• Matthew StrömMatthew Ström, almost 8 years ago

    :root { font-family: 'Open Sans', ...; }


    6 points
  • Matt WilliamsMatt Williams, almost 8 years ago

    I laughed.

    6 points
  • Jordan KoscheiJordan Koschei, almost 8 years ago

    Similar to its namesake, it makes for interesting reading, but will prove difficult to implement in the real world.

    5 points
  • Hamish TaplinHamish Taplin, almost 8 years ago

    This is an absolutely terrible way to apply CSS. Using element selectors for everything is a one-way ticket to specificity hell.

    5 points
    • Jamie WilsonJamie Wilson, almost 8 years ago

      Yea, I totally agree, but I can see this being pretty awesome for quickly throwing together a wireframe. I've thought about creating something like this for myself when I exploring different structure and page transitions.

      1 point
  • Taurean BryantTaurean Bryant, almost 8 years ago

    :focus { outline: 0; }

    ¯_(ツ)_/¯ what is accessibility

    3 points
  • Oscar von HauskeOscar von Hauske, almost 8 years ago

    I feel like my CSS is so bourgeois...

    2 points
  • David DarnesDavid Darnes, almost 8 years ago

    I could really easily be blunt in my reply to this idea, but I thought it'd be best to be constructive as possible:

    Firstly, this method will cause browser bugs. I just know it will because I've tried. The HTML5 Shiv does add support for newer elements but it doesn't fix the use of them in the CSS. I know browsers have moved on, but this is risky and there is bound to be something that doesn't support certain part of a certain HTML5 element.

    Secondly, validation and micro data. For example, expecting a developer to only use the article element when adding a 60% width block of content is a bad assumption. The article element could be anything, the only requirements are that it's a self contained piece of content and that it has a heading.

    Lastly, naming conventions. If a contributor wants to get to grips with your project they're going to have a real hard time figuring out what does what if nothing has a class applied to it. Classes not only help us target elements in CSS, but they also let us give clear and concise names to them.

    I really think this would be suited better as a tool to normalise elements across browsers, however we do have a lot of those :/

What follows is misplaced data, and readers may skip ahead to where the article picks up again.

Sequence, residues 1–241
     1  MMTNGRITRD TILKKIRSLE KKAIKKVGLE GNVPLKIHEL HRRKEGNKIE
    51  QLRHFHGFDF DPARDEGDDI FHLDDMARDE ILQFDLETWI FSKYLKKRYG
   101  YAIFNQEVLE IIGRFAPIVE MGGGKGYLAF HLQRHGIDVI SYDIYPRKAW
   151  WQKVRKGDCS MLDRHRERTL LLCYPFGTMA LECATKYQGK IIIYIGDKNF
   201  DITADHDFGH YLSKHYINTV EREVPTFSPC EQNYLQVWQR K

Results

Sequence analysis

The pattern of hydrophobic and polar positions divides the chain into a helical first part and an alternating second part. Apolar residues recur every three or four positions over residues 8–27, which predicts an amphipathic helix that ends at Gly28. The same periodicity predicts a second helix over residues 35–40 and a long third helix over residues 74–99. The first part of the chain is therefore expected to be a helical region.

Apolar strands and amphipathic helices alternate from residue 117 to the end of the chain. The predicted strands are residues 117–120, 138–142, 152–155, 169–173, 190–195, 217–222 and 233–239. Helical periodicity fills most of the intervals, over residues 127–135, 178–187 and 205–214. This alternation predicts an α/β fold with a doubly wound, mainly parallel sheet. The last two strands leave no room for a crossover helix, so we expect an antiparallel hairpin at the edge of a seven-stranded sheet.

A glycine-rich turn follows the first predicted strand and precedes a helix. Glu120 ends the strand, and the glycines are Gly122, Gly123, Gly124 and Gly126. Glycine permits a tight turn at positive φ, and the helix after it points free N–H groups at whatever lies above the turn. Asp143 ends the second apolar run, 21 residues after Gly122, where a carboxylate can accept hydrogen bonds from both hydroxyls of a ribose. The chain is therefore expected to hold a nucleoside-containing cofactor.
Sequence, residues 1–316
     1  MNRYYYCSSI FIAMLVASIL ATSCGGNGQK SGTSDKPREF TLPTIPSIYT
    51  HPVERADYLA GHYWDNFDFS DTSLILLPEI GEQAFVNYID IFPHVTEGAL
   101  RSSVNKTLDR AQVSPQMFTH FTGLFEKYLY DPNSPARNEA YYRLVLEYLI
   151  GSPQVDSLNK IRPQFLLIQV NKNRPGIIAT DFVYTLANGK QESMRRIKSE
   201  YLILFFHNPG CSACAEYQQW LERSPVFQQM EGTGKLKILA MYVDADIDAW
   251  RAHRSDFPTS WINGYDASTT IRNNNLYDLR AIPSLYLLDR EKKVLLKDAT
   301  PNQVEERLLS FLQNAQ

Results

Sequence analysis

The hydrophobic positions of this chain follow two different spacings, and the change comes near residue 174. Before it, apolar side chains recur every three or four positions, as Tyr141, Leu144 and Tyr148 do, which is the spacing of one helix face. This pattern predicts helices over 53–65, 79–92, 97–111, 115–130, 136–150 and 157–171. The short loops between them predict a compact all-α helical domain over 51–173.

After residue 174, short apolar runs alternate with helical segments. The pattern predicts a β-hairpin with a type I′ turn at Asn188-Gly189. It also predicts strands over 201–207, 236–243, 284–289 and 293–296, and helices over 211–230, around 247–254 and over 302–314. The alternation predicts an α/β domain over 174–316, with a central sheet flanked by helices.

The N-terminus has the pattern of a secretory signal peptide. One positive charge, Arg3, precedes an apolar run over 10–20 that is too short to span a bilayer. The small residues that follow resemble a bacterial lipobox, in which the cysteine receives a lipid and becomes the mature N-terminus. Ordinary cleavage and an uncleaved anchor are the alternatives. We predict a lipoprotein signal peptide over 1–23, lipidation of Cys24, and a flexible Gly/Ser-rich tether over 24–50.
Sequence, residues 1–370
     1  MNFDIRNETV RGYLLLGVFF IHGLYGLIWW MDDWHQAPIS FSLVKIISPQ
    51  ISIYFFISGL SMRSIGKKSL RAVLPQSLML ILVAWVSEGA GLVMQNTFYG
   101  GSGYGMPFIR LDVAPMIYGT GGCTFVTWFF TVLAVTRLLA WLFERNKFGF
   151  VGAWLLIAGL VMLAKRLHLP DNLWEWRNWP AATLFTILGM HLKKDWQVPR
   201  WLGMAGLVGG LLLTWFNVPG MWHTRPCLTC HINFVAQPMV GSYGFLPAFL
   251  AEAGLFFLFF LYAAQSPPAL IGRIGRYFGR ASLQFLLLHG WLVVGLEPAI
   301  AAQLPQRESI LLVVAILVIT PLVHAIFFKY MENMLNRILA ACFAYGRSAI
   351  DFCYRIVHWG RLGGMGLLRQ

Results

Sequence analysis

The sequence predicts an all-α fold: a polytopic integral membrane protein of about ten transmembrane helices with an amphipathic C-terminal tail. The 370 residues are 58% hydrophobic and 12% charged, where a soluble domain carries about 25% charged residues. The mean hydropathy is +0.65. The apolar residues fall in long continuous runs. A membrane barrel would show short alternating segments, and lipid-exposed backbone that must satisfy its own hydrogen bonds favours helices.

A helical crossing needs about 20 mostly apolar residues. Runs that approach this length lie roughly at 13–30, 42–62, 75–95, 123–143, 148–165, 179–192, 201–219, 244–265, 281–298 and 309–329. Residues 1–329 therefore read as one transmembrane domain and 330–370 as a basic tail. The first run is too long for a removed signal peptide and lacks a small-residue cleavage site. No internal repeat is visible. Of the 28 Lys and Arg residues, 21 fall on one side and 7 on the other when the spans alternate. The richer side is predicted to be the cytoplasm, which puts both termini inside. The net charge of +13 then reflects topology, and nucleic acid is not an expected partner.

Sorry for the long comment and I hope this doesn't come across in a bitter tone.

    2 points
  • Al Abut, almost 8 years ago

    People are hating on it a little but it's clearly for short throwaway projects or as a good starter base, like Skeleton:


    1 point
    • Hamish TaplinHamish Taplin, almost 8 years ago (edited almost 8 years ago )

      Except it's not a good starter base as it's got lots of styling that you will never need unless you want every <aside> to look like the CSS provided or you don't mind having to remove or override the CSS.

      0 points
  • Matt Smadner, almost 8 years ago

    Best title.

    1 point
  • Taulant SulkoTaulant Sulko, almost 8 years ago

    Internet for the proletariat!

    1 point
  • Yannik Schweinzer, almost 8 years ago

    document.getElementsByClassname()? :(

    0 points
  • Karl SanderKarl Sander, almost 8 years ago

    This is a goldmine for puns. I once toyed with a similar project called dayoff.css with the tagline: no classes. Well that name was all I had really. I like Marx even better.

    0 points
  • Crampa ...Crampa ..., almost 8 years ago (edited almost 8 years ago )

    h1 { border-bottom: 1px solid rgba(0, 0, 0, 0.2); } footer { border-top: .1rem solid rgba(0, 0, 0, 0.2); }

    Don't want to be a hater but this is definitely not a reset.

    0 points
    • Matthew Blode, almost 8 years ago

      I'm still not quite sure what to call it. It's a classless css framework, a reset, boilerplate css and a stylesheet for small projects. Maybe you guys could help think of a description.

      0 points
  • Luke Whitehouse, almost 8 years ago

    Is this serious or?

    0 points